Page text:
Afghanistan’s ambassador to the United States is concerned about the stability of her country after the U.S. military pulls out in September, she said Thursday, as President Joe Biden earns praise from some corners for ending America’s two-decade-long war in Afghanistan but draws criticism for withdrawing while the country remains wracked by conflict.

Key Facts

Biden plans to pull all U.S. forces from Afghanistan by Sept. 11, ending the military’s presence on the 20th anniversary of the terrorist attack that initially sparked the war.

In an interview Thursday, NPR asked Afghan ambassador to the U.S. Roya Rahmani whether she’s concerned her country will collapse due to pressure from the Taliban, and she responded, “I am worried about that.”

Rahmani says the Taliban is still waging a deadly conflict in Afghanistan and has not constructively negotiated with the government in Kabul (the insurgent group is refusing to participate in power-sharing peace talks until foreign troops leave the country).

The ambassador was particularly worried about the Taliban’s disdain for women’s rights.

Rahmani said she’s glad Biden plans to keep offering security and humanitarian support to her government, though specifics are still being discussed: “I also hope that the international community does not give up on their own investment,” she said.

Crucial Quote

“We respect [the United States’] decision, but then we are hoping that with their support, we would be able to continue to protect and defend ourselves,” Rahmani told NPR.


Some members of Congress and foreign policy experts have raised similar concerns about the withdrawal, arguing the United States is leaving the fragile Afghan government — which depends on foreign support — vulnerable to an emboldened Taliban. In February, the bipartisan Afghanistan Study Group urged Biden to hold off on withdrawing troops until the government and the Taliban reach a peace deal, predicting the country will fall into a civil war and the Taliban could retake power if the United States pulls out now. Sen. Lindsey Graham (R-S.C.) echoed those worries Wednesday and said Afghanistan could grow chaotic and become a haven for terrorist groups like al-Qaeda again, and Sen. Jeanne Shaheen (D-N.H.) is worried the country will lose its gains in women’s rights if the Taliban becomes ascendant.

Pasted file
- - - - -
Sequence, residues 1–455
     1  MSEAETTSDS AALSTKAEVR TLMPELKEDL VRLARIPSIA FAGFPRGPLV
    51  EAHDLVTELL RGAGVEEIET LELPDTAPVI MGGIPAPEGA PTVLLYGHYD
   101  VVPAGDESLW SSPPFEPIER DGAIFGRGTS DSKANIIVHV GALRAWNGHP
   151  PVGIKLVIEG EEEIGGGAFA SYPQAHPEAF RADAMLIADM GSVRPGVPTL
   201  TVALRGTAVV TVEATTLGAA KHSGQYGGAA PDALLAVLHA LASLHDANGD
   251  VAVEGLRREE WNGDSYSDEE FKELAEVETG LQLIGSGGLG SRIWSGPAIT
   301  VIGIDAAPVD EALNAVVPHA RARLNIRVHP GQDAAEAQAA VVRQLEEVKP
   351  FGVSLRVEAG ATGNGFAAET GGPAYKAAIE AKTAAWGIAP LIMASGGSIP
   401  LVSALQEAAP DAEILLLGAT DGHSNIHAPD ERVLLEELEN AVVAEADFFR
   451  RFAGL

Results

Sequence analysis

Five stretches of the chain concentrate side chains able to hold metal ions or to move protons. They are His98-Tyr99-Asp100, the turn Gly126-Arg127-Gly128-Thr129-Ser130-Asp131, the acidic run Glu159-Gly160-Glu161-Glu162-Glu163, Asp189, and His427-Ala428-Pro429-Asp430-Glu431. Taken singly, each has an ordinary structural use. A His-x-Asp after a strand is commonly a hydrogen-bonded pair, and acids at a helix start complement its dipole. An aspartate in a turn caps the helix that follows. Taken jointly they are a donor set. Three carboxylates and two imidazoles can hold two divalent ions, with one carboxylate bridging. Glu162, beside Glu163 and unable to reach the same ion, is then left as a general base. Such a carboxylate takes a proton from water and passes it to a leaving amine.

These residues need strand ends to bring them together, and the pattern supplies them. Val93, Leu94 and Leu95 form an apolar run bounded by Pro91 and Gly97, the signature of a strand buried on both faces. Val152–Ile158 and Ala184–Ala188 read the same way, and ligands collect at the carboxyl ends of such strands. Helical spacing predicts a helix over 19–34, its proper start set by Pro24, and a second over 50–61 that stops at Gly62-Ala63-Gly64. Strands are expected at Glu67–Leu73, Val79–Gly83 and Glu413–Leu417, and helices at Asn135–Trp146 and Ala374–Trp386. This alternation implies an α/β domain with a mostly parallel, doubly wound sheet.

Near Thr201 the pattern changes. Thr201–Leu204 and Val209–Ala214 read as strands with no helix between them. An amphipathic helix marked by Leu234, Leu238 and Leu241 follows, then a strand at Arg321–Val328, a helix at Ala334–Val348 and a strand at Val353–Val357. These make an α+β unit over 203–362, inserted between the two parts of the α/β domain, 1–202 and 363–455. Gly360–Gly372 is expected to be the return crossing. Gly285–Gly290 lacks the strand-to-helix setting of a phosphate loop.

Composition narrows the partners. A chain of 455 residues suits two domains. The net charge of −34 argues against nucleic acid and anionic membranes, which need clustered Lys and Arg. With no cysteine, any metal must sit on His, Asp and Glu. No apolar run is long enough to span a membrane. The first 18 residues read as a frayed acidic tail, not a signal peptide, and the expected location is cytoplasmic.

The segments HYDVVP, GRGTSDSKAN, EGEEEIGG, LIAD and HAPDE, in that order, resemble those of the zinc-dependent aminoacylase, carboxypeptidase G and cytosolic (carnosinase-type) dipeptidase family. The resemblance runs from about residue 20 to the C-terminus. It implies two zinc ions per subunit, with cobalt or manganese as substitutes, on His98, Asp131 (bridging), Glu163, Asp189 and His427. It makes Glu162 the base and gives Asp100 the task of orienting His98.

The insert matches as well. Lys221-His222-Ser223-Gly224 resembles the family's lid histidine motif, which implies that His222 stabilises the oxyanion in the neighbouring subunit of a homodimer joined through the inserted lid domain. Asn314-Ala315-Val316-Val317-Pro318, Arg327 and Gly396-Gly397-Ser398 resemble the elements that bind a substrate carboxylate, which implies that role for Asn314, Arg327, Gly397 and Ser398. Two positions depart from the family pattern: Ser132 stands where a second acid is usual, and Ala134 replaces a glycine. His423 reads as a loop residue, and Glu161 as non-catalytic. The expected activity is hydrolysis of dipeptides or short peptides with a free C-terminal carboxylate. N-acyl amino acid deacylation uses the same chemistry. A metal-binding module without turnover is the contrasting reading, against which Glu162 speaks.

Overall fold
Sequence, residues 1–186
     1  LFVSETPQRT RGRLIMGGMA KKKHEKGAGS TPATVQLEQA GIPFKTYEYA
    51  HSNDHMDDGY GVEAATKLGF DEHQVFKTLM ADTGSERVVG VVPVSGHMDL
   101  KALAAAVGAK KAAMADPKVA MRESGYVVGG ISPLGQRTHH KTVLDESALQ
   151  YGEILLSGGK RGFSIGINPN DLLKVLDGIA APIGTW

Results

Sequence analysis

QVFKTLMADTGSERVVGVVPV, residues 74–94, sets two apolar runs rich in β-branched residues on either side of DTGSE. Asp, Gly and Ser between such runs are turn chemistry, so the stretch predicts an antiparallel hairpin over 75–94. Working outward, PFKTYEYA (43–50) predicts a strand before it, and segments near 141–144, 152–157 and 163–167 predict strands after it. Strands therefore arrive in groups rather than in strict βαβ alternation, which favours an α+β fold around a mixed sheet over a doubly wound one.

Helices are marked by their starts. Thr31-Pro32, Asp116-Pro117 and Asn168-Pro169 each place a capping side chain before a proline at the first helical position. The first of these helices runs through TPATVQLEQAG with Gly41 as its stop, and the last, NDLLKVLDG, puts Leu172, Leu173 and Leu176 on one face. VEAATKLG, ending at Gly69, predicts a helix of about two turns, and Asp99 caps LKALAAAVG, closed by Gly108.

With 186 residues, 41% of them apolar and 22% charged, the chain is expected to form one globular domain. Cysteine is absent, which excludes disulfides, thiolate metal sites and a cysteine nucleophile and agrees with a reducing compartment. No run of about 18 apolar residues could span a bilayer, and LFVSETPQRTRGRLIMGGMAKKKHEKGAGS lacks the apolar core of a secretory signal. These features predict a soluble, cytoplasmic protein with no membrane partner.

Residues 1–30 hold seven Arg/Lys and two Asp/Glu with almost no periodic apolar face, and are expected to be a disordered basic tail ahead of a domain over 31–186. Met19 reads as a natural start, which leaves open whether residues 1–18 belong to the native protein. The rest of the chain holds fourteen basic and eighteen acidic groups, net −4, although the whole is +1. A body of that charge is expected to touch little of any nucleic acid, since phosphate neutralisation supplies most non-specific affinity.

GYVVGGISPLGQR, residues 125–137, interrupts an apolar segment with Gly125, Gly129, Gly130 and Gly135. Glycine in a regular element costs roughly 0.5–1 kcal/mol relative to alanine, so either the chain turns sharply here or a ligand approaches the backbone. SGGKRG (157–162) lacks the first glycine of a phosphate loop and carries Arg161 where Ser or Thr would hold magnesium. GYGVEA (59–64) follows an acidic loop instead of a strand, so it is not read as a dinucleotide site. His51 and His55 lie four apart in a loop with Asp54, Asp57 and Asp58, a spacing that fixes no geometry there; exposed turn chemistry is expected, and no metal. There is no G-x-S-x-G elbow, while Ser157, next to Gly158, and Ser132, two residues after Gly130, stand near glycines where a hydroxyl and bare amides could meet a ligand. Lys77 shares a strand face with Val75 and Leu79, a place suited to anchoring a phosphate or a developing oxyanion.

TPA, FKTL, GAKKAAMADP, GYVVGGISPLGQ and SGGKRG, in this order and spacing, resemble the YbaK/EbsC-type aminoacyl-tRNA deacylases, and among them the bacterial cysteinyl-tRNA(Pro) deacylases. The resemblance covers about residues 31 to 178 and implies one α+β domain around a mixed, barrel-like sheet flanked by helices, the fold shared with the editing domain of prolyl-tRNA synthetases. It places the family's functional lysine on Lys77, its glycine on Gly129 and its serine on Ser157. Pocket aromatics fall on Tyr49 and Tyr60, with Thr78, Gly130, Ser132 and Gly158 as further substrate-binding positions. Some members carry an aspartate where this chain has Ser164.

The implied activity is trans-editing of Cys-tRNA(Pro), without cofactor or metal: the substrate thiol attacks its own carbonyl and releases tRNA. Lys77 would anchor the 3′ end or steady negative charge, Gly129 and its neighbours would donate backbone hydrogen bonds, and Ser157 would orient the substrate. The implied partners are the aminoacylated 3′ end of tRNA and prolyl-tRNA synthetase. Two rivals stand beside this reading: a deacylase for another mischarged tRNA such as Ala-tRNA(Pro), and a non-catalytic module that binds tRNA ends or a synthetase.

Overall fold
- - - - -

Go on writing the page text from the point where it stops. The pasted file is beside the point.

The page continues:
Big Number

2,500. That’s how many U.S. troops remain in Afghanistan, according to the Pentagon, down from a 2011 peak of almost 100,000. For the last six years, troops have largely focused on counterterrorism and training Afghan forces, not combat.

Key Background

The war in Afghanistan started when the Taliban — which controlled the country until 2001 — refused to turn over Osama bin Laden after the Sept. 11 attacks. The Taliban was quickly ousted from power after the U.S. invaded but remains active, causing critics to argue a protracted conflict with the group is unwinnable, and Biden believes the war’s purpose is now unclear since the military accomplished its goal of suppressing groups like al-Qaeda years ago. The United States pledged last year to pull out troops by May 1 as long as the Taliban agreed to stop attacking U.S. forces, and Biden extended that deadline until September but committed to ending the war.


Some politicians applauded Biden’s decision. Rep. Ro Khanna (D-Calif.) and Sen. Bernie Sanders (I-Vt.) argued Thursday that the U.S. military has proven unable to solve Afghanistan’s security problems, so the United States is better off supporting the country through diplomacy instead of prolonging the war. Similarly, Sen. Cynthia Lummis (R-Wyo.) said she’s glad troops are returning home, though she wishes Biden withdrew by May 1.

Further Reading

Afghanistan’s Ambassador to the U.S. Looks Toward A Future Without U.S. Troops (NPR)